What kind of work will she continue to do in Nijmegen? “I will continue to be involved in the research at Radboud University. We were recently awarded funds from the European Horizon 2020 program, with which we will conduct research, together with three PhD candidates, into social aspects of CO2 capture and storage in a steel plant. Three assistant professors from two departments are involved with that project, so I won’t take it with me to Eindhoven. And I’ll also continue to supervise my current PhD candidates.”

In addition to the above-mentioned research, De Coninck will also continue to act as co-director of the Radboud Centre for Sustainability Challenges – which aims to strengthen research and education in the field of sustainability at the university - for the time being. And she wants to create cohesion. “The people who work on this, need to get to know each other. I’ve been working on that for six years, helping to set that up.”

De Coninck doesn’t expect any changes as far as her activities for the IPCC are concerned. “I’m one of the authors of the chapter on technology transfer to developing countries in the new, large report. There is much expertise in this area in Eindhoven. At TU/e, there is much enthusiasm for my work for the IPCC as well. They give me time for that, by slightly reducing my teaching load. I give one speech a week on average about the previous report, and I often speak to the media. I will be given time for that as well. Hopefully, this will make everything a bit easier.”


She describes the past seven years at Radboud University as hectic. “I started there as a kind of program coordinator, and the research had to take place on the side. I didn’t have one weekend off in the run-up to the approval of the ICPP report in 2018. Obviously, the university applauds that visibility, but it had a serious impact on my family. And on my colleagues, who had to take over the tasks I couldn’t get around to. PhD candidates and students didn’t receive feedback, or had to wait a long time for it. But I also blame myself for these things: I should have managed my time more effectively sometimes. It’s in my nature to say ‘yes’ too often.”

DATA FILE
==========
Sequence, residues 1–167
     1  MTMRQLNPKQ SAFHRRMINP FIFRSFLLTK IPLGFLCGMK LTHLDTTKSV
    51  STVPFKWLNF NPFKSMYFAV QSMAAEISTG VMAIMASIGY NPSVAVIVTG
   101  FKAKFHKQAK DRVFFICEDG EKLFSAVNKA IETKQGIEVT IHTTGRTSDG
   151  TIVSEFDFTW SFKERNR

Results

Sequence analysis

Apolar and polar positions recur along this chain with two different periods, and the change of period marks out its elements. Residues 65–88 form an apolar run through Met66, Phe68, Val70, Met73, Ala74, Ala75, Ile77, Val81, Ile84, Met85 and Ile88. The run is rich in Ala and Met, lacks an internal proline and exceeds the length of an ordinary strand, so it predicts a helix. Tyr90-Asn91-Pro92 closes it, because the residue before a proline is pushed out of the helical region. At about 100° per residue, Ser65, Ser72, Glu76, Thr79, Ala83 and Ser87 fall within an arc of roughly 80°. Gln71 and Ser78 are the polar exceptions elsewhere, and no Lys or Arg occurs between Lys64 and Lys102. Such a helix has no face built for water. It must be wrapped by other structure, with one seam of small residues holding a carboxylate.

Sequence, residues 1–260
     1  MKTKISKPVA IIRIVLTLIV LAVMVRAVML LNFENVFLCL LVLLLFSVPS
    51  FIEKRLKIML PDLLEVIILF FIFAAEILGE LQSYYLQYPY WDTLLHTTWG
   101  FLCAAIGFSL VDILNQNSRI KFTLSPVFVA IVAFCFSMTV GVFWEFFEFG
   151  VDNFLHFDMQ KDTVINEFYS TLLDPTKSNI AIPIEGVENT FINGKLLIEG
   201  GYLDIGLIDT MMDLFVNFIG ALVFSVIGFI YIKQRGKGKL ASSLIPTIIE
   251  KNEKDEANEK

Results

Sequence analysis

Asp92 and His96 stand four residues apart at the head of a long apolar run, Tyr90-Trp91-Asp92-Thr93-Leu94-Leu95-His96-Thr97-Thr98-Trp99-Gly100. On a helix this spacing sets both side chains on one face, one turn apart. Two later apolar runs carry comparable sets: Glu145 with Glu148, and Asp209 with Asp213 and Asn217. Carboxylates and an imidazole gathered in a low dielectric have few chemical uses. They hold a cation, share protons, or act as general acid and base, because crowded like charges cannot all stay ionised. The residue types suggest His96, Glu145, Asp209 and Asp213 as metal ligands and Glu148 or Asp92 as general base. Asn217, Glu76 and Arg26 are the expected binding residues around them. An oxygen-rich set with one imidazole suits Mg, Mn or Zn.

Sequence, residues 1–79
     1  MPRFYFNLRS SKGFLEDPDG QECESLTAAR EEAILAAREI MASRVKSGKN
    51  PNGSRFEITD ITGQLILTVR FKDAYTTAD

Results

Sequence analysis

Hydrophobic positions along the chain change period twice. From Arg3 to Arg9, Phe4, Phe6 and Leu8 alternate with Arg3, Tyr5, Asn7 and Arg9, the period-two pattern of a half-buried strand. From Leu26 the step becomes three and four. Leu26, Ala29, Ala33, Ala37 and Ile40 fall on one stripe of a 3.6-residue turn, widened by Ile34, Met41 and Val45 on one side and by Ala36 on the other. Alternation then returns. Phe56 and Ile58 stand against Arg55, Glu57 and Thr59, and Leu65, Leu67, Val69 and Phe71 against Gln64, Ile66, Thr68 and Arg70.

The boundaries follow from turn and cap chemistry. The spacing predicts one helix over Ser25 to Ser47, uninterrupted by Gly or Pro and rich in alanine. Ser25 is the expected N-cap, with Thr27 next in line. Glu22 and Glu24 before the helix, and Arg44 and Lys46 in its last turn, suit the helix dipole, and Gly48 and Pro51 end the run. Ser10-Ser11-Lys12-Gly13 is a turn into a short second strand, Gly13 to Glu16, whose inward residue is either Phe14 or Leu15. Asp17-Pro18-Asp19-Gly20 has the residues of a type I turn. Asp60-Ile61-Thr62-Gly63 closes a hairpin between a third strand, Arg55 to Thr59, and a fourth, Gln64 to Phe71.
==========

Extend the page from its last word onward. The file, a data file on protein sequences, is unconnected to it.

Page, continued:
Did she factor her professorship at TU/e into her decision to come to Nijmegen? “It wasn’t about that at all, but I wouldn’t have applied if it had been another associate professor position. I’m ready for it. I’m practically the only IPCC lead author who isn’t a professor. It never bothered me so far, but people tell me that it opens doors. And you get to supervise your own PhD candidates – that’s another advantage.”

Irène Curie Fellowship

According to Floor Alkemande, De Coninck’s appointment does not fall under the Irène Curie Fellowship, the program that gives priority to women during a six-month period when filling vacancies, started by TU/e in July 2019. “But she does take part in it,” Alkemande says. “The vacancy was open before July 1 of last year, and was therefore equally available to men and women. The fellowship is certainly attractive, thanks to a €100.000 starting budget, the opportunity to set up one’s own research line, and participation in a special mentoring program.”